Didn't move with the times
Even before the rise in internet sales, Comet was moving from a shed where you could buy stuff cheaper than elsewhere to a place where spotty know-nothings tried to flog you an extended warranty.
Beleaguered bricks and mortar retailer Comet is lurching toward administration with Deloite understood to be waiting in the wings. Parent Kesa Electricals offloaded Comet to OpCapita in November 2011 for a nominal fee of £2 but it was forced to hand over a £63m dowry for working capital purposes and retain the pension scheme …
Apple (whoa there haters, lets talk just about the stores) have shown how retail can be done successfully. Nice place to shop, Easy place to shop, lots of ability to try before you buy, and get hands on. Plus in apple's case there is not an undercut in the products online. Main issue with Comet/Dixons/Curry's etc etc is that they don't add ANY value. Their staff tend to know very little about the products and be very un-interested in selling them (and why should they they are on low pay, however they may find that was preferable to a closed down comet) The store does very little to help. Aside from some TV's all playing the same video, which 9 times of out 10 they can't tell you how it's getting there (is it hdmi?) and is not something you can compare from one tv to another, there is very little to be able to use in the store that adds to actually going there. Want a washing machine today, great you can't have one, all the ones in the store they can't sell, and the one you want is on 2 weeks back order....any value add there? Can you ring the store and ask this? Well you can if you can fight your way through endless 0870 IVR..hmm any value? Demo's can I go and see an android tablet being demonstrated, nope. Hoover? nope....So perhaps someone in these bricks and mortar stores needs to think why I, or any other consumer would want to go into one? Hint, it's not to place an order on a PC in the store, with someone who types more slowly than I do by a factor of 10, and who won't allow me to compare to 100 other stores for delivery/price at the same time. If I can do that in my Lunch break, I'm not going to waste my time coming to your stores.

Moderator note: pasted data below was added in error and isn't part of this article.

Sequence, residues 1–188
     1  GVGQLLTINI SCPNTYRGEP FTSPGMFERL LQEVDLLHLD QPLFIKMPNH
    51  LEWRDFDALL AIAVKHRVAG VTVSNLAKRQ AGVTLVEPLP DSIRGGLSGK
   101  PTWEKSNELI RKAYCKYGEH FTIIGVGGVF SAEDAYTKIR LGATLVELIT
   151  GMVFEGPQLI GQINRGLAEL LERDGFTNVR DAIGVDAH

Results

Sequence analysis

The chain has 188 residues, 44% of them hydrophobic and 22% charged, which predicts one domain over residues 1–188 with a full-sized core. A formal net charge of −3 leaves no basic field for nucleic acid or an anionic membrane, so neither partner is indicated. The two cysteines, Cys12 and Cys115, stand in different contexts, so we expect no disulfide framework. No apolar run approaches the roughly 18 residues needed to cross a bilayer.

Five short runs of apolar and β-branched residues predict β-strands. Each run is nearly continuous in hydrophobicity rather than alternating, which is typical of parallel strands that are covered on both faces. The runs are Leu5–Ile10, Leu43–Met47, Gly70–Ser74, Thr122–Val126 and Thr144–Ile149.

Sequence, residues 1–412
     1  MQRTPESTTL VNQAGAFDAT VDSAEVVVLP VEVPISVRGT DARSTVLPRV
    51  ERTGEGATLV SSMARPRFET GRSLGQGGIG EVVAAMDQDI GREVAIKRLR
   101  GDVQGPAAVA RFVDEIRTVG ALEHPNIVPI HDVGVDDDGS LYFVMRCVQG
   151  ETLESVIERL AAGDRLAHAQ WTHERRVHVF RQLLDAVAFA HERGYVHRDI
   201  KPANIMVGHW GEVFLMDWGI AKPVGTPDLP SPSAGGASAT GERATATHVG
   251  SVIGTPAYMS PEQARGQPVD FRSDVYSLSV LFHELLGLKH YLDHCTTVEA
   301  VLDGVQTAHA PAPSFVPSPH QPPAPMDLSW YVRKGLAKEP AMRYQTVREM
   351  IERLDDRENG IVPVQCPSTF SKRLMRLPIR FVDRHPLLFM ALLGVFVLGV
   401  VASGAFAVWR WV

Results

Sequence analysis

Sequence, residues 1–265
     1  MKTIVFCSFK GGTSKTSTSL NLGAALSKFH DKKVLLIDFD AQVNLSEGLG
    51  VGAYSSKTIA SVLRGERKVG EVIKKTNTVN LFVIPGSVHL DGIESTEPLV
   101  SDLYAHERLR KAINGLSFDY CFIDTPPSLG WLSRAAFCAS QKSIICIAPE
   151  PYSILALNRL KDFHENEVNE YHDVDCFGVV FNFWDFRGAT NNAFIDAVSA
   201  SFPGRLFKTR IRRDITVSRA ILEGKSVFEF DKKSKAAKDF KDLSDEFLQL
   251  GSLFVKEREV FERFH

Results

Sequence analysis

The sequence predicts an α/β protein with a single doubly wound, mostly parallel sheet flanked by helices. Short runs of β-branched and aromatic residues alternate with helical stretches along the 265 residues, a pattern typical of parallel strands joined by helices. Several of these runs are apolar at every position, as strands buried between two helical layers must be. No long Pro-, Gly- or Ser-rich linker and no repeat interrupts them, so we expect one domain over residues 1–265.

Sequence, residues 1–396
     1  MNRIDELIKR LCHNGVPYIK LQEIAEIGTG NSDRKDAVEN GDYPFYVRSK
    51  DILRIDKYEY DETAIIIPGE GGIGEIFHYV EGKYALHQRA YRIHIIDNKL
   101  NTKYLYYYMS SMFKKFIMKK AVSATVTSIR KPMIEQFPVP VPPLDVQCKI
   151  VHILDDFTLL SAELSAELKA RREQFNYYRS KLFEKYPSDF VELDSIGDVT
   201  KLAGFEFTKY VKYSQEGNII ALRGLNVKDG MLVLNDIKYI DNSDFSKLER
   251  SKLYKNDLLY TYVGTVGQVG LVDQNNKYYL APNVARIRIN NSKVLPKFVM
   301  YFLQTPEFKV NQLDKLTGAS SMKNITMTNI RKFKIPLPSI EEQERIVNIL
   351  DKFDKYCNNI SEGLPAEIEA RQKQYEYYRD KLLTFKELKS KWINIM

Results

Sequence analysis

So if there is no reason to go to the store, then guess what...people won't..
"Except with the internet, you can get next day...."
Not necessarily. Ordered a new item from Amazon (partner) at the end of August. Much chasing over non-delivery. Two months later they say it was lost by Royal Mail and they say they have given a refund. No offer to s end another one. My suspicion is that they had run out of cheap stock and were hoping they might find some more somewhere.
If a High Street shop had stocked the item it would have been in use the same day.
The difference between Apple and (in this case) Comet is that Apple sell their own stuff, while Comet are a general retailer.
Retailers like Comet could "do an Apple" and provide the facilities for punters to play with the kit and give it a good test drive. The problem is that costs, and will be reflected in the price.
As Comet are flogging stuff that is sold elsewhere, they have to compete with those other retailers. They cannot provide an Apple-like in-store experience, offer Amazon-like prices and make a profit.
All people would do would be to play with the goods in store, decide which one they want and buy it from some online retailer who doesn't have the overheads of a "bricks and mortar" store and, therefore, can offer the goods for a lower price.
Indeed, that is what a lot of people do right now.
They won't be missed, except by those unfortunate enough to be working there.
The big department stores have more goods per square metre, and many many times higher customer footfall. Going into comet has had an 'end of term' feeling for several years now, and no significant effort seems to have gone into making it a pleasant or worthwhile experience.
The 'extended warranty/insurance' scam put me off for a long time. The delivery and installation service was reasonably good, but no better than the local TIGER retailer and IME the independants were cheaper.
I tried to buy a fridge-freezer and washing machine from comet a few weeks ago, thinking I'd go to a physical store as it would be quicker only to find that that had almost none of them in stock and I'd have to wait 3 to 4 weeks for delivery anyway. So I didn't bother.